The Baltic Management Development Association annual conference, to be hosted by ISM University of Management and Economics in Vilnius, Lithuania, next month, is set to attract a record attendence, organisers say.
“At present we have around 100 participants from academia and business from 18 countries for this, our sixth conference,” says Virginijus Kundrotas, who doubles as president of both the BMDA and the host school.
“We expect numbers to climb to about 120. It will certainly be one of the biggest and most important international events on management in Lithuania.”
Interest has been kindled because the conference, entitled “If Ever? Growing Tomorrow’s Leaders”, will address topics that are central to current business needs, Prof Kundrotas says.
“We will be dealing with questions such as how we attract, retain, involve and take care of key people and how do we motivate and lead the next generation of leaders. Organisations are facing a big need for good leaders and any discussion on how to develop and keep them is always of great importance,” he says.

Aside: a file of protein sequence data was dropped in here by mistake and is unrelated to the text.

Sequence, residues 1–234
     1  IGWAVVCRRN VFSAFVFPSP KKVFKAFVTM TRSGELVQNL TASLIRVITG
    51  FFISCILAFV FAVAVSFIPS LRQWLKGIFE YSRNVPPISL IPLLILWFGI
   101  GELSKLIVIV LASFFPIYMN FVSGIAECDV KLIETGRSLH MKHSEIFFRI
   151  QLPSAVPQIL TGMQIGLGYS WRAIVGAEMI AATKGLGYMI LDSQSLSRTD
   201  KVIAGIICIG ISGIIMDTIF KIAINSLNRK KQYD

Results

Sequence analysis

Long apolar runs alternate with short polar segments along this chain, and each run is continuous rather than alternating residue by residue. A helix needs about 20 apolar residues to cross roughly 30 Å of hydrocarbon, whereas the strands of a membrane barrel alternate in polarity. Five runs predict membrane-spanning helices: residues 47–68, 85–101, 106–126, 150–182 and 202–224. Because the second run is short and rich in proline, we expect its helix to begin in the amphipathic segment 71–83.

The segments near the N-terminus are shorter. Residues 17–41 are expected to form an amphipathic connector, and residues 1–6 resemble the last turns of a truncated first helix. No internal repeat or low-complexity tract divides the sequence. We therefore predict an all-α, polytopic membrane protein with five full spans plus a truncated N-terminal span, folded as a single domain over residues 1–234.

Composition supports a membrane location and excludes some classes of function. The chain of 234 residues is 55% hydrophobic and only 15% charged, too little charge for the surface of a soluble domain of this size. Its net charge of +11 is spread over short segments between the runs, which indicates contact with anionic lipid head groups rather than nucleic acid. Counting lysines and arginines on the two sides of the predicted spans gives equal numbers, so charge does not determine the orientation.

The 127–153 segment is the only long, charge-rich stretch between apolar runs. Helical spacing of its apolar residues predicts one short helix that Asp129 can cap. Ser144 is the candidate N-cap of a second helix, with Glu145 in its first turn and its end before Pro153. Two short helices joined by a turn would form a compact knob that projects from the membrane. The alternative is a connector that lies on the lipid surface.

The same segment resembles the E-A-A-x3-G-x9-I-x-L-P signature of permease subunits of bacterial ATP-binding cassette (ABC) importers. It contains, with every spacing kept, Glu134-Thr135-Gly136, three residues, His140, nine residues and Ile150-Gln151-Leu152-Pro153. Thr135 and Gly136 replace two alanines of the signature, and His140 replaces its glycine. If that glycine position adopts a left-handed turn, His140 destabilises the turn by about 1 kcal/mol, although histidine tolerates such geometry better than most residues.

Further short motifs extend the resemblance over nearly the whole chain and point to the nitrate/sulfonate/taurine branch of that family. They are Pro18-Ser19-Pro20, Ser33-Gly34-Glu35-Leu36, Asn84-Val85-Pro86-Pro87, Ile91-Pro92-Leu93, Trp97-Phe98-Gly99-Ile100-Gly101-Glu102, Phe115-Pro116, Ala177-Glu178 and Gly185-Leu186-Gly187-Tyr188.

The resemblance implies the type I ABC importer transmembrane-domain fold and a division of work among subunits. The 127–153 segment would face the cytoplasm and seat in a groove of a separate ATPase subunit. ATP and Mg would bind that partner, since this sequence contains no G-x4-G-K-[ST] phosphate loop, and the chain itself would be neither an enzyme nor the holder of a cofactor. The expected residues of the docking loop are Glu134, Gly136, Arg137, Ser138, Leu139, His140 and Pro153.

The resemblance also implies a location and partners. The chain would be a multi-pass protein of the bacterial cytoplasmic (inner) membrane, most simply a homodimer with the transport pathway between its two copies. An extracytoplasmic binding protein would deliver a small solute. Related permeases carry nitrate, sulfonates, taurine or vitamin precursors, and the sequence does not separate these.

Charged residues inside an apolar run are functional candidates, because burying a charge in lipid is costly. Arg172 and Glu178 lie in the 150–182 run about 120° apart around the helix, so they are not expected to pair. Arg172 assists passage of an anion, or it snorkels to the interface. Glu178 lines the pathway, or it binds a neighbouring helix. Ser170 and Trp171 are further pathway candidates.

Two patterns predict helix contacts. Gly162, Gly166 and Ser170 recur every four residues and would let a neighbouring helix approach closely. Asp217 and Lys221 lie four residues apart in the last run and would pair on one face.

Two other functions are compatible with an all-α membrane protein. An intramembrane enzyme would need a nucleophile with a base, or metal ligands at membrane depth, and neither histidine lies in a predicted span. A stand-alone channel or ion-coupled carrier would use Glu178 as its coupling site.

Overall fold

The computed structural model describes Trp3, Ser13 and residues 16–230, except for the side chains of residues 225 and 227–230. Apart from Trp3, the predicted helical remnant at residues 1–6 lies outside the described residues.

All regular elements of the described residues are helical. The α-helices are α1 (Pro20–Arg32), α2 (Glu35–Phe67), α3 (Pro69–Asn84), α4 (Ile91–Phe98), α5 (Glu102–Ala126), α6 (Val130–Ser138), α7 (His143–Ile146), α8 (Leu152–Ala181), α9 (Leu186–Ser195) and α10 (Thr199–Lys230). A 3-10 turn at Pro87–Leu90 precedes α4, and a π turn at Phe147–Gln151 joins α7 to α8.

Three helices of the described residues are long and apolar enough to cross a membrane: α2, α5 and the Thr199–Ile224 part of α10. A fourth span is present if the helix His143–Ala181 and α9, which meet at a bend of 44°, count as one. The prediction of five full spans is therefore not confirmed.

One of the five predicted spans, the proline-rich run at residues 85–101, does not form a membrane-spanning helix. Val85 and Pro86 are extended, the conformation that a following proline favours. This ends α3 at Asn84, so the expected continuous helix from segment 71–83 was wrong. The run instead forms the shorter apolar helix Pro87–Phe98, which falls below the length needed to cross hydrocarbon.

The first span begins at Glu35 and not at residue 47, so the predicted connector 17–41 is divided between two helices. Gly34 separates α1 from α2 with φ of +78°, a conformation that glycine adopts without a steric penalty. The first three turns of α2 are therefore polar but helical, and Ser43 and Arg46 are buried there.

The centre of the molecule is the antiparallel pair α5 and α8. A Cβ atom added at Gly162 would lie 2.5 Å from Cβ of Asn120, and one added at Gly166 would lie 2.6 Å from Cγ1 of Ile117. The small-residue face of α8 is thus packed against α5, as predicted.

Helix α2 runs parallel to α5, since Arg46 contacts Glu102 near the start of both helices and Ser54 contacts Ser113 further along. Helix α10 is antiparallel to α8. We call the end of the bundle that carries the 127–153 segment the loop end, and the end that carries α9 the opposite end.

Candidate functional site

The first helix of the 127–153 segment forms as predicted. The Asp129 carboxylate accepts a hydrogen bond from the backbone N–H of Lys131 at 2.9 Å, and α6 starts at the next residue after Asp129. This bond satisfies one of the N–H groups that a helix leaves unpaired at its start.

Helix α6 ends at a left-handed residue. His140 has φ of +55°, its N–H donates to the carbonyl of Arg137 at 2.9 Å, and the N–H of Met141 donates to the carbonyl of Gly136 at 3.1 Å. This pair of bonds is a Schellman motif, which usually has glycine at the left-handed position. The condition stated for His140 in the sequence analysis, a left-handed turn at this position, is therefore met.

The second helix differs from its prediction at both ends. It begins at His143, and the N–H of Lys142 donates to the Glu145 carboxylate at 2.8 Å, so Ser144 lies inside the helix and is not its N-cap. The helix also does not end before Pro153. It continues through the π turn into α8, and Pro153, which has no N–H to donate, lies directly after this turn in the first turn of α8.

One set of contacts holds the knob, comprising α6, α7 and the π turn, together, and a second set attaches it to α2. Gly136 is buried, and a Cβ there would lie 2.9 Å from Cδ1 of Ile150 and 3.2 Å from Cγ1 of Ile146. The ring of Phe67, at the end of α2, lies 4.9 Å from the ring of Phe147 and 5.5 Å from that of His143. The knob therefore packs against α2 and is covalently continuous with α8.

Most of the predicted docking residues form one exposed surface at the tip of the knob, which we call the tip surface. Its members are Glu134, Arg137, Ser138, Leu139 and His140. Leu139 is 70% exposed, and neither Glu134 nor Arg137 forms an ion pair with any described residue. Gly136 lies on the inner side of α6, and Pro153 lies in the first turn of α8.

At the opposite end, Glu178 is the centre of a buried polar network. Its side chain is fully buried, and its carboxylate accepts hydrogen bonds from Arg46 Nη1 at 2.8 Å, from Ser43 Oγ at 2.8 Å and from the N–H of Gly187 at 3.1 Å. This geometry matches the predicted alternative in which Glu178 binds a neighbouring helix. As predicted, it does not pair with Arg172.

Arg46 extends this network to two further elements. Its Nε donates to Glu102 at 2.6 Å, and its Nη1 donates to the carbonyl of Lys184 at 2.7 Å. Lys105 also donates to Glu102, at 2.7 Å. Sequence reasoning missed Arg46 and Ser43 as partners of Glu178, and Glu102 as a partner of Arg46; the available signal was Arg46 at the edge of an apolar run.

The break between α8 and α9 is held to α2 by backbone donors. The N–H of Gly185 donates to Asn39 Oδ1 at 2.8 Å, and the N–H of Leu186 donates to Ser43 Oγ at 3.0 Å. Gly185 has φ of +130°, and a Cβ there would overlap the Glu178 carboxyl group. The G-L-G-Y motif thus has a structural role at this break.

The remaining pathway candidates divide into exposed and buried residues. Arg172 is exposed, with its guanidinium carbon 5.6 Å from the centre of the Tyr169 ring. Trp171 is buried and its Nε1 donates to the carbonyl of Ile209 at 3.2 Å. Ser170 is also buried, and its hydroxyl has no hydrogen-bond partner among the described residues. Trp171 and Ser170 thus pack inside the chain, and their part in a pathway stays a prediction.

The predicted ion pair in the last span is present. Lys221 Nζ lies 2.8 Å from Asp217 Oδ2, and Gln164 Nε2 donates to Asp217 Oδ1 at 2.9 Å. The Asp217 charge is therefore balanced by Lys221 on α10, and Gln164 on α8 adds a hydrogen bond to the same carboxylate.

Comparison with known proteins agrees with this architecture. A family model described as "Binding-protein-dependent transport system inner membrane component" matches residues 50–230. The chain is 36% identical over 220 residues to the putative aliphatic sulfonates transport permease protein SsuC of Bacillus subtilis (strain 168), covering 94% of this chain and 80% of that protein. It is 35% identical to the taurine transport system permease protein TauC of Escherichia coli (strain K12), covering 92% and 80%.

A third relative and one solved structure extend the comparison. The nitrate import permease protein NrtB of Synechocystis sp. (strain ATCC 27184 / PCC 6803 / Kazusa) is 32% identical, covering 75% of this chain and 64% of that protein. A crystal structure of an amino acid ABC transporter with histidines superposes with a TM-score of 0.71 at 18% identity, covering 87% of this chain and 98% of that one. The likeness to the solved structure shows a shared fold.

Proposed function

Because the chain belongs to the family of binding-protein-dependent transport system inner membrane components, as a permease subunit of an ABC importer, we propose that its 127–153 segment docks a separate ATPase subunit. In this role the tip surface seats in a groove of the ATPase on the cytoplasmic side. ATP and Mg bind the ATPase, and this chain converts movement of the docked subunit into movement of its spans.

Moreover, with both academics and business practitioners in attendance, the interplay between theory and practice will be relevant to both sides.
“We have academics such as Peter Lorange, [former dean of IMD] and Ichak Adizes, one of the world’s leading experts on improving the performance of business and government organisations, along with Wilfried von Rath, vice-president of group HR top management, Volkswagen. These people are attractive to an audience, keen to know the lessons schools can learn from companies, and vice versa,” Prof Kundrotas says.
Mr von Rath concurs, saying that previous co-operation between Volkswagen and some of the BMDA schools had produced “very fruitful discussions and some hands-on intelligence” regarding the recruitment market.
“Volkswagen is very interested in working with both big and smaller business schools that have a particular strength such as, in this case, the economic environment in central and eastern Europe.
“We are expecting big growth in these markets in the future while, at the same time, we are expecting a shortage of management talent in the region,” says Mr von Rath.
Copenhagen Business School, which joined the BMDA in the past year, sees the Baltic region as a “natural sphere of interest” for the Danish corporate sector. As such, the association is an ideal vehicle to both “gain insight and to contribute to the further development of management in the region”, says Robin Jensen, director of international programmes at CBS.
The BMDA, founded by a handful of schools in 2002, now boasts a membership of 56, including 35 institutional members, from 17 countries.